Scotland Election 2016

Holyrood 2016: What are the clues in BBC Scotland's election poll?

Children looking for clues with magnifying glass Image copyright Thinkstock

Political surveys lay clues to what voters are thinking ahead of an election. Here, I highlight some interesting aspects of a poll commissioned by BBC Scotland and carried out by my staff at Ipsos MORI Scotland.

Voters in Scotland go to the polls on 5 May in the most significant Holyrood election since the new devolved parliament was established in 1999.

This election is the first to take place since the new powers, including for setting income tax levels, were transferred to Holyrood following the recently enacted Scotland Act.

These new responsibilities mean that the parties have taken positions on some issues for the first time in a Holyrood election and will mean that issues of tax and welfare will be central to the campaign.

The Ipsos MORI Scotand poll provides clues about the priorities of voters as they weigh up their decisions ahead of the election.

In broad terms, when it comes to using these tax powers to raise additional money for public spending, Scots are more supportive of targeting those with the deepest pockets rather than increases across the board.

As far as tax is concerned, the single most important priority for Scots is to increase tax for the wealthiest in the country.

Among the four tax proposals put to respondents, increasing the top rate of tax, paid by those earning over £150,000 per year, from 45p to 50p was seen as the greatest priority, receiving an average score of 7.3 out of 10.

As one might expect, support for this measure is highest among older Scots (7.8 out of 10 among those who are retired) and among those who live in the most deprived neighbourhoods in the country (7.8 out of 10).

Image copyright Getty Images
Image caption The Scottish Parliament is receiving more powers over the way it can spend and raise money

It is however instructive to note that, among those in the most affluent neighbourhoods, the measure receives a score of 6.6, suggesting it still has some support in these areas.

Support for other measures which would result in different tax rates in Scotland is lower than support for keeping rates the same in Scotland and England.

The widely debated proposal of increasing rates of income tax by 1p receives an average score of 6.2, while the plan to keep the 40p income tax threshold at its current level, rather than raising it as outlined in the UK budget, is significantly less popular with a score of 5.3.

At the same time, the principle of keeping income tax rates the same here as in England receives an average score of 6.5 out of 10, suggesting that there is some support for being modest in differentiating tax rates.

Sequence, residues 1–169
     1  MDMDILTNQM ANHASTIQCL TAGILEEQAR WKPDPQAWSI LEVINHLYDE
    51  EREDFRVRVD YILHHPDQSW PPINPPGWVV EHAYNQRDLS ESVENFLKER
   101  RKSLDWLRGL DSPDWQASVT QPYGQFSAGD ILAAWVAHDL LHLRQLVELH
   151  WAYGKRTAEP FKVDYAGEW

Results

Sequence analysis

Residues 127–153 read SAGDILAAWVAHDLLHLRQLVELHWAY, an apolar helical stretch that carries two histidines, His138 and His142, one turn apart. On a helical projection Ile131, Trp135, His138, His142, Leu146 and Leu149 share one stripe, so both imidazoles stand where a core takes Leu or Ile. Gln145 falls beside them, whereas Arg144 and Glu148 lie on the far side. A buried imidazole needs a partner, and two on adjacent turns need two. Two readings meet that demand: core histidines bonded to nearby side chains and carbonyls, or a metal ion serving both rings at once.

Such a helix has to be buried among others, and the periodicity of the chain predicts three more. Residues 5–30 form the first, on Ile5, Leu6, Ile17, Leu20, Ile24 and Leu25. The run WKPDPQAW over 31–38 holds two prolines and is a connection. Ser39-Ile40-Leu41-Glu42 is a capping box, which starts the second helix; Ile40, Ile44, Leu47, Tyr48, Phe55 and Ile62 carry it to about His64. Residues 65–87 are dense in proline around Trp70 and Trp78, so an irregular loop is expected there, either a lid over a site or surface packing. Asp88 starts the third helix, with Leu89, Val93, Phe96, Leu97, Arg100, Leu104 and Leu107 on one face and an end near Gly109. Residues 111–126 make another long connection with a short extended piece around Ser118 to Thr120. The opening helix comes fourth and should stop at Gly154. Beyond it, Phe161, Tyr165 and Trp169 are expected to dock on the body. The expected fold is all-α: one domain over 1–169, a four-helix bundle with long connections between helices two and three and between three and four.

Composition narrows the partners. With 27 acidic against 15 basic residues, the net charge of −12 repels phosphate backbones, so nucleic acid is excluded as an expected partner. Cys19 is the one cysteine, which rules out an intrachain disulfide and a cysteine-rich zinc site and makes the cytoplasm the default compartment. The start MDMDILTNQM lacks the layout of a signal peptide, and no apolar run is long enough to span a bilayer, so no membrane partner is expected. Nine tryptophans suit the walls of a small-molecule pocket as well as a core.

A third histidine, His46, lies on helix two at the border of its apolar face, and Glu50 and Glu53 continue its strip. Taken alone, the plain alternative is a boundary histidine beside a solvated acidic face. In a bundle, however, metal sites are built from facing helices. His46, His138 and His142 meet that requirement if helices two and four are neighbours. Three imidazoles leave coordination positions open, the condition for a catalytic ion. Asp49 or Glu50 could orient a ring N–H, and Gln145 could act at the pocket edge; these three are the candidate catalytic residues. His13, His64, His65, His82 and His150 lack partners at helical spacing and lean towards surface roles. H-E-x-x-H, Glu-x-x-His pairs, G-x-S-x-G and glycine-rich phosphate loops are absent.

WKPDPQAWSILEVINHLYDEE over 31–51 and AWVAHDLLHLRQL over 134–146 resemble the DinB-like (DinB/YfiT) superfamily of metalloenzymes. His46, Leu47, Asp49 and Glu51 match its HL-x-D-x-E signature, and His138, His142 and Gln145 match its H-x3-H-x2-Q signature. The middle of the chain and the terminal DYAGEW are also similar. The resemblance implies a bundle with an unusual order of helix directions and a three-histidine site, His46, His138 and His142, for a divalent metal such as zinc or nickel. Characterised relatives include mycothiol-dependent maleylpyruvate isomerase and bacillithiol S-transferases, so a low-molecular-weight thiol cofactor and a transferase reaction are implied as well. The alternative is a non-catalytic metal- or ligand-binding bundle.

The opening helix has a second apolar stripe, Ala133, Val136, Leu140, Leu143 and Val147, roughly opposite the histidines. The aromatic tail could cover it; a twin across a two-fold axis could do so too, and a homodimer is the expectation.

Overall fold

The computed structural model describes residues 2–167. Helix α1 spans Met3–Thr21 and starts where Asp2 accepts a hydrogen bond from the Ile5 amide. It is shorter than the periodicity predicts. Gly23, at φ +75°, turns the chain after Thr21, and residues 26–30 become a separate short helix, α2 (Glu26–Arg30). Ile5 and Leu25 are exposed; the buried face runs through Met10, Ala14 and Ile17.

BBC Scotland election poll

Who? - 1,002 voters aged 16 and over

When? - Carried out between Friday 18 March and Tuesday 29 March

How? - On the telephone with data being weighted by gender, age, working status, housing tenure and region.

By? - Ipsos MORI Scotland

The issue of council tax rates is also key to the Holyrood campaign and, once again, there is significantly more support for any increases to be focused on the wealthiest rather than across the board on all council tax payers.

With an average score of 6.2 out of 10, increasing council tax for those in more expensive homes is seen as a significantly greater priority than increasing the tax for all who pay it and spending the money raised on schools.

Both of the welfare proposals tested in the survey receive high priority scores.

In particular, doubling the amount of free childcare for three and four year-olds is popular with an average score of 7.3 out of 10, increasing to 8.2 for the youngest Scots (16-24) and 8.1 among those who live in the most deprived communities.

The proposal to give carers of people with disabilities more in benefits than carers in the rest of the UK is seen as less of a priority though it still has an average score of 6.4 out of 10. As with the childcare proposal, this measure has highest support among Scots who live in the country's most deprived neighbourhoods.

As with all elections, the party that can demonstrate economic competence with voters is likely to reap the electoral rewards. This survey will give them all clues as to how their messages are likely to be received during the weeks of campaigning ahead.

BBC Scotland Holyrood election 2016 poll

Eight questions on tax, council tax and welfare (plus mean score)

  1. Increase the top rate of income tax for those earning more than £150,000 a year from 45p to 50p - 7.3
  2. Increase the level of free childcare for 3 and 4 year olds from fifteen to thirty hours a week in order to help parents go back to work - 7.3
  3. Keep the rate of income tax for people in Scotland at the same level as for people in England - 6.5
  4. Give those who care for people with disabilities in Scotland more in benefits than those elsewhere in the UK - 6.4
  5. Increase all rates of income tax in Scotland by 1p in the pound and spend the money raised on schools and colleges - 6.2
  6. Increase council tax for those living in more expensive homes in Scotland - 6.2
  7. Keep the income level at which people in Scotland begin to pay the higher 40p rate of income at £42,385 even if people in the rest of the UK only start paying the 40p rate on higher incomes - 5.3
  8. Increase all rates of council tax by up to three per cent and spend the money raised on schools - 5.1

All figures are mean scores based on answers provided between one and 10. One means the policy should never be put in place, and 10 means that it is very important and should be put in place quickly.

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